Here he goes again. A Tory promising jam tomorrow. They’ve been doing it for five years now. Will we never learn?

Technically, an opportunity just means an appropriate or favorable time or occasion to do something that you want or must do. However, in the English language it is a very positive word and carries the connotation of ‘a chance for greater success’. In essence, it is a positive risk – one where the outcome is favourable to you. The Tories have mercilessly dangled this woolly word before our eyes without it ever crystalising into something practical, measurable and life-enhancing. In other words, they have used it to gaslight us.

Benefits? Don’t get me started…

As to benefits — don’t get me started. ‘Benefit’ is an even more positive word, and the lies are correspondingly worse. We were repeatedly told by the VoteLeave gang, for example, that a benefit of leaving the EU was that we would be able to control our own borders. Yet we appear to be the only country in the entire world that has found it impossible to shut our borders during a lethal pandemic. That is why we did not have one covid patient zero; we had thousands of them.

In its wisdom, our government has let in 1.59 million people in the first four months of this year. Now it knew about the Indian mutation on April Fools’ Day, but resisted, resisted, resisted closing the borders until the Indian Government told Johnson not to be so daft, of course he couldn’t come on a jolly while half the Indian cabinet was covid-positive, and the border was finally closed on April 23.

That something that Bill saw shimmering before him? It was just a mirage. There are no Brexit opportunities. There are no Brexit benefits.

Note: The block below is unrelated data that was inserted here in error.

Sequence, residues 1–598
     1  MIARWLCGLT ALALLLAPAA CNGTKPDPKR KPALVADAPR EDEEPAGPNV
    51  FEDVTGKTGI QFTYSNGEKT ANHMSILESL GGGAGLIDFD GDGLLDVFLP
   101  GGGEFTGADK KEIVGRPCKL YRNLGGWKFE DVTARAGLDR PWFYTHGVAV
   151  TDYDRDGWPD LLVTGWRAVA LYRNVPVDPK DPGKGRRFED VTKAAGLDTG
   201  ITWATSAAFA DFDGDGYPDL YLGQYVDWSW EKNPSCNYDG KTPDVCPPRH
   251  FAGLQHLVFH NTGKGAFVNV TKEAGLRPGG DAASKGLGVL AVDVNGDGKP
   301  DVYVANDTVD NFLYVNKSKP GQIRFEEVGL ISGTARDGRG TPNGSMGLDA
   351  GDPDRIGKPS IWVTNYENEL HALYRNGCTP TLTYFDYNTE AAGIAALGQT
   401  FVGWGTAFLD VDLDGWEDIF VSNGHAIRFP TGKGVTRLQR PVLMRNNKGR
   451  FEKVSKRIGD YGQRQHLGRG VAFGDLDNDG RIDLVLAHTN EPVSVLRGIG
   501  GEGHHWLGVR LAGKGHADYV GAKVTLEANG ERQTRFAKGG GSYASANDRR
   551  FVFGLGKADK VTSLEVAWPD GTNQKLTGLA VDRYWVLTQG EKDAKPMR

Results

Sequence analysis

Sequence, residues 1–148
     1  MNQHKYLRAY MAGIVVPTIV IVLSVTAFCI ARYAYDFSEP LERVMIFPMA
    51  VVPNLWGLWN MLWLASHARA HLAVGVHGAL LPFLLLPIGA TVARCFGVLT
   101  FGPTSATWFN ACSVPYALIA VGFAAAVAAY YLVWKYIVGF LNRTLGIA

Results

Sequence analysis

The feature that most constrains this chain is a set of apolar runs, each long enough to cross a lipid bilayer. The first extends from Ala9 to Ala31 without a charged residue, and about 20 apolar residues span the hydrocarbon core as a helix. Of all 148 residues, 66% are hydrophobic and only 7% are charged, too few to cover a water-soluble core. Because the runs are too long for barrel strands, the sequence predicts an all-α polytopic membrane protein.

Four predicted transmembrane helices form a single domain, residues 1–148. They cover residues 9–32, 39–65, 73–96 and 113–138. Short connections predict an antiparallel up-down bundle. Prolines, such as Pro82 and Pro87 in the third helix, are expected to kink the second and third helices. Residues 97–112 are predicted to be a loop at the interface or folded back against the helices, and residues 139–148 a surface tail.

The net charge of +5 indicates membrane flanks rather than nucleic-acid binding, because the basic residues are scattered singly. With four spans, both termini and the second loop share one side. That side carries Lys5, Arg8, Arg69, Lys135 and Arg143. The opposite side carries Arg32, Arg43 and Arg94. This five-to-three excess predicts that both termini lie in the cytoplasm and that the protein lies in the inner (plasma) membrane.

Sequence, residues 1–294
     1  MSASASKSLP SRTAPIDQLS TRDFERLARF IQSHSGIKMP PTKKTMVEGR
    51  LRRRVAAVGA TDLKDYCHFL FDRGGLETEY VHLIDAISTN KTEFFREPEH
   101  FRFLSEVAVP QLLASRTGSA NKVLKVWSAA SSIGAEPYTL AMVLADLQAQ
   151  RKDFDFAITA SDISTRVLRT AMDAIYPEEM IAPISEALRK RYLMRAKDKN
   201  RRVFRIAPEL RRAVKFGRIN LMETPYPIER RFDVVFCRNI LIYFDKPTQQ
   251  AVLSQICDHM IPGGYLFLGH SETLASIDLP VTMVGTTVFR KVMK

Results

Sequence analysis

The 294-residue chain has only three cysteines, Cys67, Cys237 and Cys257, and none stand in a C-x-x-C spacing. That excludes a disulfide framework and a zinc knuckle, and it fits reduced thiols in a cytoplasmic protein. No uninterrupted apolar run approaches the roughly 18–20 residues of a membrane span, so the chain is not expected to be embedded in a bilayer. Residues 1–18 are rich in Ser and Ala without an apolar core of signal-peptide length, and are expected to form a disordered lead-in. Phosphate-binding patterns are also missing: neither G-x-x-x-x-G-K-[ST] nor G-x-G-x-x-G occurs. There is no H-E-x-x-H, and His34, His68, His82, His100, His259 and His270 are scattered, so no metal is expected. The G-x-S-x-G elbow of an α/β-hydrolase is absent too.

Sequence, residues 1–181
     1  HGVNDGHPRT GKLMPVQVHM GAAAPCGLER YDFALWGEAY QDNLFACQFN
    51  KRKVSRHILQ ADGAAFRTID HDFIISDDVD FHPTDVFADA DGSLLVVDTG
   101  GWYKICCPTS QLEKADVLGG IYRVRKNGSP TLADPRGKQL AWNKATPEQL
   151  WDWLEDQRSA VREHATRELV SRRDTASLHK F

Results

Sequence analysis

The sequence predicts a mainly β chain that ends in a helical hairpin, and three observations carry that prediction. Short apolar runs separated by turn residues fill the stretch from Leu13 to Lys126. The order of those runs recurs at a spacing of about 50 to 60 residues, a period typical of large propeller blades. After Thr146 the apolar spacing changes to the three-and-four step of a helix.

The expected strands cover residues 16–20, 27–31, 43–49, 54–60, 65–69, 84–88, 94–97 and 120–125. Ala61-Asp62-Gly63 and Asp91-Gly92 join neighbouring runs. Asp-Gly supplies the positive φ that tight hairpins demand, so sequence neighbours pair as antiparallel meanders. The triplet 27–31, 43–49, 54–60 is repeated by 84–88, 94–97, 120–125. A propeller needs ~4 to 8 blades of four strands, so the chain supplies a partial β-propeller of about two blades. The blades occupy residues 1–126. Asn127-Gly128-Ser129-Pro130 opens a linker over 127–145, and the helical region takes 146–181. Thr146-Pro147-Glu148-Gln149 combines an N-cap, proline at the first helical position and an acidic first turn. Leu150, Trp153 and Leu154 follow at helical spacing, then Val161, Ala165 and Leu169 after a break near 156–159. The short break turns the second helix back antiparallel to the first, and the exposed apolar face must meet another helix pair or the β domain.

To be doubly sure on this point, local Devon MP Anne-Marie Morris, in the Select Committee meeting, asked the most long-winded question ever, on Brexit benefits deriving from ‘reforming’ regulation. In response, she got a huge serving of platitude pie, with no pastry, because Brexit Britain has to watch its weight, and no filling either, because this government doesn’t believe in hand-outs.

“Yeah, so I mean obviously, this process is just beginning across government, and the, you know the new committees driving this forward are just beginning their work… The whole government is mobilized … and we’re all fully behind making things happen,” waffled Frost.

“The impulsion from bodies like IDS’s committee and so on, will be important in helping us move things forward.”

In conclusion…the dead parrot

That, my friends, was the political equivalent of the dead parrot sketch. These Brexit benefits and/or opportunities are no more! They never were and they have ceased to be! They have expired and gone to meet their makers! They’re stiffs! Bereft of life, they rest in peace! If you hadn’t painted them on the side of a bus, they’d be pushing up the daisies! Their metabolic processes are now history! They’re off the twig! They’ve kicked the bucket, they’ve shuffled off their mortal coil, run down the curtain and joined the bleedin’ choir invisible!!


We’ve been listening to this nonsense for FIVE YEARS. To mix my metaphors, opportunity is not knocking for Brexit Britain. Nul points for David Frost.